On September 27, 2016, the Trade Subcommittee of the Committee on Ways and Means of the U.S. House of Representatives held a hearing on “Effective Enforcement of U.S. Trade Laws.” The Commissioner of U.S. Customs and Border Protection (CBP), R. Gil Kerlikowske, appeared before the Subcommittee to give testimony regarding the agency’s efforts to improve enforcement of U.S. trade laws and provide an overview of the agency’s implementation of the Trade Facilitation and Trade Enforcement Act of 2015 (TFTEA).
In addition to Commissioner Kerlikowske’s testimony, the Trade Subcommittee invited individuals and organizations to submit a written statement for consideration on the topic. In response to this invitation, the Southern Shrimp Alliance today submitted a statement on the importance of robust implementation of TFTEA by CBP.
In particular, the Southern Shrimp Alliance’s statement emphasized five aspects of the new law that, if implemented by CBP, would significantly improve enforcement.
First, CBP was given authority to access important early information regarding shipments to U.S. ports for commercial risk targeting operations and analysis. Although CBP cannot use this information for commercial enforcement purposes, access to this data will greatly improve the agency’s risk targeting operations by focusing on problematic shipments and facilitating legitimate trade. CBP must develop and adopt regulations that implement Congress’s intent that this information be used for commercial risk targeting purposes.
Second, CBP was ordered to establish an importer risk assessment program in order to improve collections of duties. A recent report by the U.S. Government Accountability Office (GAO) identified a series of risk factors that characterize shipments for which duty payments are evaded. Any risk assessment program adopted by CBP should account for the GAO’s findings and recommendations regarding nonpayment risks.
Third, CBP was ordered to establish an importer of record program that would collect information regarding importers, including information sufficient to identify linkages and affiliations between various importers. As explained in the recent GAO report, CBP officials believe that an importer owing nearly $170 million to the U.S. government continued to import merchandise into the United States under a different name while avoiding payment of its debt. For this reason, the importer of record program must obtain more information than CBP currently receives in order to prevent companies from closing down and opening up under new names to avoid payment obligations to the U.S. Treasury.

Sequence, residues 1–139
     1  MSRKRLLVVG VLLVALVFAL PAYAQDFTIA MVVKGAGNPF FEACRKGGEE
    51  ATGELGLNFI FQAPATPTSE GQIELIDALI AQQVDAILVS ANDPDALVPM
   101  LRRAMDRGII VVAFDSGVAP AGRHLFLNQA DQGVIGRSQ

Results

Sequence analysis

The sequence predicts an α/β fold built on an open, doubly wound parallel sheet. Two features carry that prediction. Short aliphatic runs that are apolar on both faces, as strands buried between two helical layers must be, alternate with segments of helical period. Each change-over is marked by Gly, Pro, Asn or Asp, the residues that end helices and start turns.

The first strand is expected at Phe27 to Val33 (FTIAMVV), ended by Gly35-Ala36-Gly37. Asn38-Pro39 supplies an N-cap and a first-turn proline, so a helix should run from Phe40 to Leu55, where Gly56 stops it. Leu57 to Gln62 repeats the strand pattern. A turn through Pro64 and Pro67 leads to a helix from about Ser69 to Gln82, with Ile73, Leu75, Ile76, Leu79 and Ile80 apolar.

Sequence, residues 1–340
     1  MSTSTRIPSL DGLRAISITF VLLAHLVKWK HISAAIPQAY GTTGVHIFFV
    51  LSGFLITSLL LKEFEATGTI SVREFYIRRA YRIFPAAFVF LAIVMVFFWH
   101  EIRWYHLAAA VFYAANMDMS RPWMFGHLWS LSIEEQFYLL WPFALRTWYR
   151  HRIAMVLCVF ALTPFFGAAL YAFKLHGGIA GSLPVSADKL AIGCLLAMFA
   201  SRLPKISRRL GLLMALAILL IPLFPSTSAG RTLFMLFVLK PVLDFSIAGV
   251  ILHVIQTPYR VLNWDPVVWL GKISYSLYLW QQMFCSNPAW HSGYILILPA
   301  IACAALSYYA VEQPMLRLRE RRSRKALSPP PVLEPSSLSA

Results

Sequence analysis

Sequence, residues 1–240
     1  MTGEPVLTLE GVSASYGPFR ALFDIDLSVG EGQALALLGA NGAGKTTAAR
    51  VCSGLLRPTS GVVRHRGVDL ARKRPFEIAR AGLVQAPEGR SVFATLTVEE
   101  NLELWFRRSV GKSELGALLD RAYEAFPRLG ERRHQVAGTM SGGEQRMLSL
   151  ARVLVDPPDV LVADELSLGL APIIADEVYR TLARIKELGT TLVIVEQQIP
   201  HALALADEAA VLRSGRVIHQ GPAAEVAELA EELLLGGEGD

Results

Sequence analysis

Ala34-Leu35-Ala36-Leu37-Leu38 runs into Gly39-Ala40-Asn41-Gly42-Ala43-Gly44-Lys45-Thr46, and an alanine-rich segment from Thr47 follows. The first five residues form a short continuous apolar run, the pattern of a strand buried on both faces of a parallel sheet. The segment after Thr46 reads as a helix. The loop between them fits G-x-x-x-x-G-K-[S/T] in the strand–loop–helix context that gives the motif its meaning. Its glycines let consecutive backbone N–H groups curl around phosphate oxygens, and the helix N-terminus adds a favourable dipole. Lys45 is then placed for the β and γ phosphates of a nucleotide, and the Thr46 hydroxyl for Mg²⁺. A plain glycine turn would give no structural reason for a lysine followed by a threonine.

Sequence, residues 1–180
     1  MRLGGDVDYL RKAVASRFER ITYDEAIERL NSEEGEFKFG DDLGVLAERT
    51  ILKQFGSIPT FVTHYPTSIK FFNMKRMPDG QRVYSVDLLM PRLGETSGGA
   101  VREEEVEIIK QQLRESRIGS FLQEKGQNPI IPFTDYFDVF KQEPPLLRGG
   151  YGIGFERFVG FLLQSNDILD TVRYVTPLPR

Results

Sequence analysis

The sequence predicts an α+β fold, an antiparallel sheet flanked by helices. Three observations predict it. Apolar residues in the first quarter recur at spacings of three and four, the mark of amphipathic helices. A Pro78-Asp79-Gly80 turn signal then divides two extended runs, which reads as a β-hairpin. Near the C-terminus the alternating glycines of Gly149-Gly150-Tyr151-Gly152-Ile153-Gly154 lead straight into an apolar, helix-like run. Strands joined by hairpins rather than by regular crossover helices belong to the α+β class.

Fourth, CBP was also ordered to create regulations establishing minimum standards for customs brokers and importers verifying the identity of an importer. As with the CBP’s importer of record program, CBP’s regulations should improve the agency’s ability to identify linkages and affiliations between various importers.
Fifth and finally, the Department of Homeland Security and the Department of the Treasury are required to submit a report regarding security and revenue measures related to merchandise transported in bond through the United States. The Southern Shrimp Alliance has repeatedly raised concerns regarding questionable “in bond” shipments. CBP has been responsive to those concerns, but the information available regarding “in bond” shipments appears to be very limited and it is unknown whether “in bond” shipments are fully reconciled to confirm that they have left the United States. Should there be significant entries that are unreconciled, any joint report submitted by the Departments should explain the reasons for the lack of reconciliation and measures CBP intends to adopt to improve the reconciliation process.
Read the Southern Shrimp Alliance’s October 11, 2016 written comments here:
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The Southern Shrimp Alliance Submits Comments to Congress Regarding the Effective Enforcement of U.S. Trade Laws
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